The last week witnessed over the course of three days the best and worst of Glasgow all within a couple of miles on the city’s Southside – the joy and solidarity of Kenmure Street which I attended, and the anger and violence of a section of Rangers fans trashing parts of the city in which the club is located and takes great strength from.
There was denialism and whataboutery as Rangers fans tried to deflect and stonewall. Tory MSP Murdo Fraser who had condemned the Kenmure Street protestors could only after 24 hours issue the most general condemnation of violence – linked it to Gaza protests in London: ‘ALL disorder and violence against the police should be condemned, wherever it occurs – in Glasgow, London, or elsewhere – and whatever the ‘reasons’. End of.’
One comprehensive defence of Rangers and their fans came from Rangers News, an unofficial website, and from Jimmy Black who stated that he felt no shame in his club after George Square: ‘Rangers fans like myself who watched the game at home are somehow expected to be embarrassed and ashamed by the actions of complete strangers miles away on the basis of something as arbitrary as supporting the same football club.’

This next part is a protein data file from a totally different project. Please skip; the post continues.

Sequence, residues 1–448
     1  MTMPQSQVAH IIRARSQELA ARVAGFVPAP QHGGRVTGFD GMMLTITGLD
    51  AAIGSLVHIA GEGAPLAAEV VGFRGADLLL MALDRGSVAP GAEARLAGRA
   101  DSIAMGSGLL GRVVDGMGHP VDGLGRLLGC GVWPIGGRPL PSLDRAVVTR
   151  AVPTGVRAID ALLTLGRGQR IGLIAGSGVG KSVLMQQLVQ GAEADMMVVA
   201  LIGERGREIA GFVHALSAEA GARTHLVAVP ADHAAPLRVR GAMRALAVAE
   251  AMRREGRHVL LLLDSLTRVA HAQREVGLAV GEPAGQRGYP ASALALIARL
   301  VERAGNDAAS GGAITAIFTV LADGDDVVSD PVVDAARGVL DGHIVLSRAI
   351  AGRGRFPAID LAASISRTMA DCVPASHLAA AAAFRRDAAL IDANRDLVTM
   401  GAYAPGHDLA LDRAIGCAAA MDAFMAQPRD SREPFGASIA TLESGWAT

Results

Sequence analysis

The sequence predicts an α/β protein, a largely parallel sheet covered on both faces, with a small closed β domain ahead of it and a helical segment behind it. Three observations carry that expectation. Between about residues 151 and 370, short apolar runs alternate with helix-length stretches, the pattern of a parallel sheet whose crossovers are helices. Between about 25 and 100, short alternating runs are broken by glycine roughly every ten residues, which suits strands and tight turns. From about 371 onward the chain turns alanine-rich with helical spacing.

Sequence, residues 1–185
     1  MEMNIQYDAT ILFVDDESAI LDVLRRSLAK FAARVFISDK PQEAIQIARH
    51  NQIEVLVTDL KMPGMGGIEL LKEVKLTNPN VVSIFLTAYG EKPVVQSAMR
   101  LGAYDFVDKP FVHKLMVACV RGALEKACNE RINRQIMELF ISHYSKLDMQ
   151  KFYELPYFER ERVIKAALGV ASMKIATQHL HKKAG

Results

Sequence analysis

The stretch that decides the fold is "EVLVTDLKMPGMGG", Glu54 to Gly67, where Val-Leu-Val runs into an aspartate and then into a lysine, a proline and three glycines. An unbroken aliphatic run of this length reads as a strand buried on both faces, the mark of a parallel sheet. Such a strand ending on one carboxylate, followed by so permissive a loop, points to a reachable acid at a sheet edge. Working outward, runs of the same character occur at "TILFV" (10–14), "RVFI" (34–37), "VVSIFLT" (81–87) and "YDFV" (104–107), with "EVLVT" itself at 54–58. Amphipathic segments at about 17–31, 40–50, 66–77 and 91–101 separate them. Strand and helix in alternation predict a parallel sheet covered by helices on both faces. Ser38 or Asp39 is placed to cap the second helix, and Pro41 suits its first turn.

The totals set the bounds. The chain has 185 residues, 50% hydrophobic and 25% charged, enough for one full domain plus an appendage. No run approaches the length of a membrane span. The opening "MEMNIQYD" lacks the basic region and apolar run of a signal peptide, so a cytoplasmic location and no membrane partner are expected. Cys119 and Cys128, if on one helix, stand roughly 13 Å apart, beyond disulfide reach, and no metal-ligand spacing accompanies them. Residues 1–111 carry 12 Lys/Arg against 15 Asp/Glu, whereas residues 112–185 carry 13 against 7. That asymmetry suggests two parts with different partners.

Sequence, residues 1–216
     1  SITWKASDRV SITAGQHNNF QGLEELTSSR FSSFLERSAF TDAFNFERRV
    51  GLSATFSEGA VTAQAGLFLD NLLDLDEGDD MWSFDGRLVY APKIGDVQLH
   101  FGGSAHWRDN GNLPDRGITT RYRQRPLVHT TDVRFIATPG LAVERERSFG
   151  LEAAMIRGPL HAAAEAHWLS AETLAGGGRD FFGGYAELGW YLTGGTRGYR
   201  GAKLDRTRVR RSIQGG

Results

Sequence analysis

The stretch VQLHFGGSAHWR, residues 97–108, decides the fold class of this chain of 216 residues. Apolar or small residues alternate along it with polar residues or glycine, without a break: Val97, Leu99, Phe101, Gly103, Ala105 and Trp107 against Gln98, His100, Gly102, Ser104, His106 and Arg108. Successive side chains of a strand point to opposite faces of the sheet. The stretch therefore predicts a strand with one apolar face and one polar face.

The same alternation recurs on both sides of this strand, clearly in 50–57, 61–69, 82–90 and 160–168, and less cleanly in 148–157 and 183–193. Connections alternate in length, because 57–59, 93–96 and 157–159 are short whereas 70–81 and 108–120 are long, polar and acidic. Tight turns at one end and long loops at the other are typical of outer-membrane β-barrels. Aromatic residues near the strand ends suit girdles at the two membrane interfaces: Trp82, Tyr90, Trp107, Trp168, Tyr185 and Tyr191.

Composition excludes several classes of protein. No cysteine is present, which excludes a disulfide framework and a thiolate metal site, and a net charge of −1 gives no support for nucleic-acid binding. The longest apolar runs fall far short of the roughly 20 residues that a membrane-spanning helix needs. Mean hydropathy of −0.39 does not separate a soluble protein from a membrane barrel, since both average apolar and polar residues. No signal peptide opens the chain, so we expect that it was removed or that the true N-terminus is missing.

He then launched into the astounding argument, asking why George Square should be singled out when public spaces in Scotland are regularly trashed: ‘What happened in George Square, sadly, is seen any time there is a mass gathering in Scotland when there is alcohol involved. Kelvingrove Park is often the scene of similar when the sun is out and the carry-oots are flowing … T in the Park was a constant magnet for similar disorder while its replacement TRNSMT doesn’t exactly fare much better …’
Some Rangers fans did speak out and condemn the behaviour of supporters of the club. Lapsed supporter Jim Robertson took to Facebook to show his dismay and fury: ‘Rangers handling of this (both times their fans have trashed our city in the last month) has been a disgrace. Though sadly that’s not unexpected and why I stopped watching a long time ago. Scotland needs to root out this crap.’